In June and July, the UK network television broadcaster, Channel 5, aired a four-part series entitled Britain’s Closest Encounters. Produced by Firefly Film and Television Productions, the series was narrated by Anthony Head and featured UFO eyewitnesses and experts from all around the United Kingdom.

The first episode focussed upon the notorious Berwyn Mountains Incident from 1974. During the evening of January 23rd, 1974, the town of Landrillo in North Wales was shaken by an earthquake. In nearby Corwen, Sergeant Elfed Roberts (who would go on to become the Assistant Chief Constable of North Wales Police) feared that the dam at nearby Bala had breached and rushed to investigate. Satisfied that the dam was secure, he headed for Bala Police Station, where the phones were ringing almost constantly. Reports were coming in from the residents of Landrillo about lights in the sky. A ‘ball of fire with a tail’ was seen coming down over the mountains close to the village.

Sergeant Roberts and a colleague headed out to Landrillo and witnessed an arcing, green light, with blue edges, in the sky, unlike anything Roberts had seen before. When they arrived in the village, the locals told of what they had seen. Fearful that an aircraft might have crashed, the policemen began searching the area. Commandeering a local farmer’s Land Rover, they headed up the mountain, sweeping the area with their torches. Then they decided to switch off the flashlights and waited quietly to see if anything unusual could be seen or heard.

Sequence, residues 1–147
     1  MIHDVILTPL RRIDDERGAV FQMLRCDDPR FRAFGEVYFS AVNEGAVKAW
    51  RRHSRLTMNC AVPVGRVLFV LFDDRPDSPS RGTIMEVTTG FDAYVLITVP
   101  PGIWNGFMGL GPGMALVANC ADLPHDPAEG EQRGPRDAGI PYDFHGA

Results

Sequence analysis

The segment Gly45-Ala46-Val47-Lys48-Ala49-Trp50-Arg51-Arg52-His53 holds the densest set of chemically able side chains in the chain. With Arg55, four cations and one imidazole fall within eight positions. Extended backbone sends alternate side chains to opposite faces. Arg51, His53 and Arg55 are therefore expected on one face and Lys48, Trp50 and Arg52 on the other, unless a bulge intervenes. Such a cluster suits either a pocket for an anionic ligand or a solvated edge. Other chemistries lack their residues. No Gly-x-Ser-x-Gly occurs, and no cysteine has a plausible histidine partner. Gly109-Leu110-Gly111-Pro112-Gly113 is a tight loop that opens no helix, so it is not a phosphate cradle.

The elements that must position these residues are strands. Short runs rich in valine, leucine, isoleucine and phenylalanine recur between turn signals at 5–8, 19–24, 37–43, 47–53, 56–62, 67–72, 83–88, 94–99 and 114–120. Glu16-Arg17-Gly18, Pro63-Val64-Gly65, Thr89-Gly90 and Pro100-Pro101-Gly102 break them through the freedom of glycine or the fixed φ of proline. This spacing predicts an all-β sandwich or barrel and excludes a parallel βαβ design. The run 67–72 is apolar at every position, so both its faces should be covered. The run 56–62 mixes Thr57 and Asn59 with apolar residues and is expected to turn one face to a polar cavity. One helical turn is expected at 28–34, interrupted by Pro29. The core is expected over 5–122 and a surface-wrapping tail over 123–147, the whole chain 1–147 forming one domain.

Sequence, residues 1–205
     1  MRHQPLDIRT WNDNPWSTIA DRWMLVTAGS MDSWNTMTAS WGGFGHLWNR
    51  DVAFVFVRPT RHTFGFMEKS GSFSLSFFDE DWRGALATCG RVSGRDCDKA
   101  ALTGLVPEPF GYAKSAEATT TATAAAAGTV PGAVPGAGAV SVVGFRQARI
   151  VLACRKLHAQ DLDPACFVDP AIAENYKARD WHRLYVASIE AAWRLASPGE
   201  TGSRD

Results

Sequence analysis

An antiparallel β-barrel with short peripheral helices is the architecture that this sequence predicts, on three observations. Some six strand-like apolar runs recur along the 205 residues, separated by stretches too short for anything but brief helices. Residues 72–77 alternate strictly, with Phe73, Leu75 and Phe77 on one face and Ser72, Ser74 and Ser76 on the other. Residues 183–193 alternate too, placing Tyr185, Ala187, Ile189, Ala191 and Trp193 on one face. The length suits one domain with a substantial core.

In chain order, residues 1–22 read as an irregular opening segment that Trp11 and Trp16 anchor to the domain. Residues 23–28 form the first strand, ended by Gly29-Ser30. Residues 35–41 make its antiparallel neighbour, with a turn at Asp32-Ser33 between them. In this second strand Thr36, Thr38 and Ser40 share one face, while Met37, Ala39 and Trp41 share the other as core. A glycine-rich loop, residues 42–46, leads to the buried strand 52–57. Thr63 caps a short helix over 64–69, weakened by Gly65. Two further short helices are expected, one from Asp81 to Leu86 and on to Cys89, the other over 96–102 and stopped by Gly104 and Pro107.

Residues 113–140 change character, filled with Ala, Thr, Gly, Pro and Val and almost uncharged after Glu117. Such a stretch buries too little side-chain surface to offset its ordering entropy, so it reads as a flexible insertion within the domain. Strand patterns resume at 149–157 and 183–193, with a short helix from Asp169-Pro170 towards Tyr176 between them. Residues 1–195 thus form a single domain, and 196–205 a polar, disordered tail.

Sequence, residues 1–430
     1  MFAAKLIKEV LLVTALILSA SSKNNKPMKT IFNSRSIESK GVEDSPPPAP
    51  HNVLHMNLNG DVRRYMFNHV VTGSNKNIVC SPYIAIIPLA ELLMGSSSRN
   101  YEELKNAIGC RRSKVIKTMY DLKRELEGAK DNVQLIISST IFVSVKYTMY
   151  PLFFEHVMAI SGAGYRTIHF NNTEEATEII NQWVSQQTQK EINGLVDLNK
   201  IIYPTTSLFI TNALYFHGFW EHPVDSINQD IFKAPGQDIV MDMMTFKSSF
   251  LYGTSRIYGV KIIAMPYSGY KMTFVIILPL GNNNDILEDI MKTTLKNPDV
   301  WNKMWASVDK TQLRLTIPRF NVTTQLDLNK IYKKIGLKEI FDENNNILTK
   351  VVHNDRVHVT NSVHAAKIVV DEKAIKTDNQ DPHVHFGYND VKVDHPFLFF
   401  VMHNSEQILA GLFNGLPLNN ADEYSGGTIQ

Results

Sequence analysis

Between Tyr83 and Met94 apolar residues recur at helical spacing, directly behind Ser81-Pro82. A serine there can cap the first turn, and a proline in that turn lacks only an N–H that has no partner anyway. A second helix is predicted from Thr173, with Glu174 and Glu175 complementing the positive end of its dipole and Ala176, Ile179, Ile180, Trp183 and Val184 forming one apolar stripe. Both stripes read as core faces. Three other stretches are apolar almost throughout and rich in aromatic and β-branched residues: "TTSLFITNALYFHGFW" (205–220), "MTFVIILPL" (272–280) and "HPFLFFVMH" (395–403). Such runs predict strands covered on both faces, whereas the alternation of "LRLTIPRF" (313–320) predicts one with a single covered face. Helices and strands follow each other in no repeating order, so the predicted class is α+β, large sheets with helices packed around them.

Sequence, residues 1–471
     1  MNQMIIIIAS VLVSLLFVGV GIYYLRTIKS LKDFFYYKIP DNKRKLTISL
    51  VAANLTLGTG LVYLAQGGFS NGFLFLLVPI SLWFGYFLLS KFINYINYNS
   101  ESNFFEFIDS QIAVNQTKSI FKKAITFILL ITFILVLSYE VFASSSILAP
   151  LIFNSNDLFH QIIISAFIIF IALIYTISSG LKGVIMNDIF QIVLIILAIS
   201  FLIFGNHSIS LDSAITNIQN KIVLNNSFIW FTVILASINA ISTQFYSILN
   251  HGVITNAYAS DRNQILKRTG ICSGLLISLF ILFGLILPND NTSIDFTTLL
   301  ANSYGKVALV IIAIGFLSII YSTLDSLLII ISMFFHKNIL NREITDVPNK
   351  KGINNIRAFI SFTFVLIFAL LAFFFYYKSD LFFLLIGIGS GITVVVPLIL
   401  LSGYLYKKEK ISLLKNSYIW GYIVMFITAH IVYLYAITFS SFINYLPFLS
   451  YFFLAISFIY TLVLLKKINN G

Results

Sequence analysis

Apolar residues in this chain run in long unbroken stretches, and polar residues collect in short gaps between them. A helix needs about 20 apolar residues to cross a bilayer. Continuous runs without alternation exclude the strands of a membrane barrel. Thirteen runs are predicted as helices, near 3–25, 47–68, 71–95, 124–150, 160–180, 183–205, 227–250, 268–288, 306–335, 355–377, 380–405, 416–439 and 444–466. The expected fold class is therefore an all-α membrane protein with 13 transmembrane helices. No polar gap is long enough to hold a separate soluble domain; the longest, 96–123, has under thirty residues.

A few miles away, local nurse, Pat Evans, also feared a plane had crashed and set off with her daughters to see if anybody required medical assistance. She described seeing a circular, red light with other lights moving around it. Meanwhile, Sergeant Roberts’ search proved fruitless.

The next day, the media descended upon Landrillo, curious about the strange story coming from the village. Astronomer, Dr Ron Maddison arrived with colleagues and began searching for what he suspected was a meteorite coming down in the mountains. No evidence was ever found of a plane crash or a meteorite impact. The mystery persisted.

The British Geological Survey had measured an earthquake in the area with a magnitude of 3.5 on the Richter Scale. So, that explained the rumbling, but what about the lights in the sky? The Royal Astronomical Society explained that a meteor shower had been visible that night and they had received reports from all over the country about particularly bright meteors.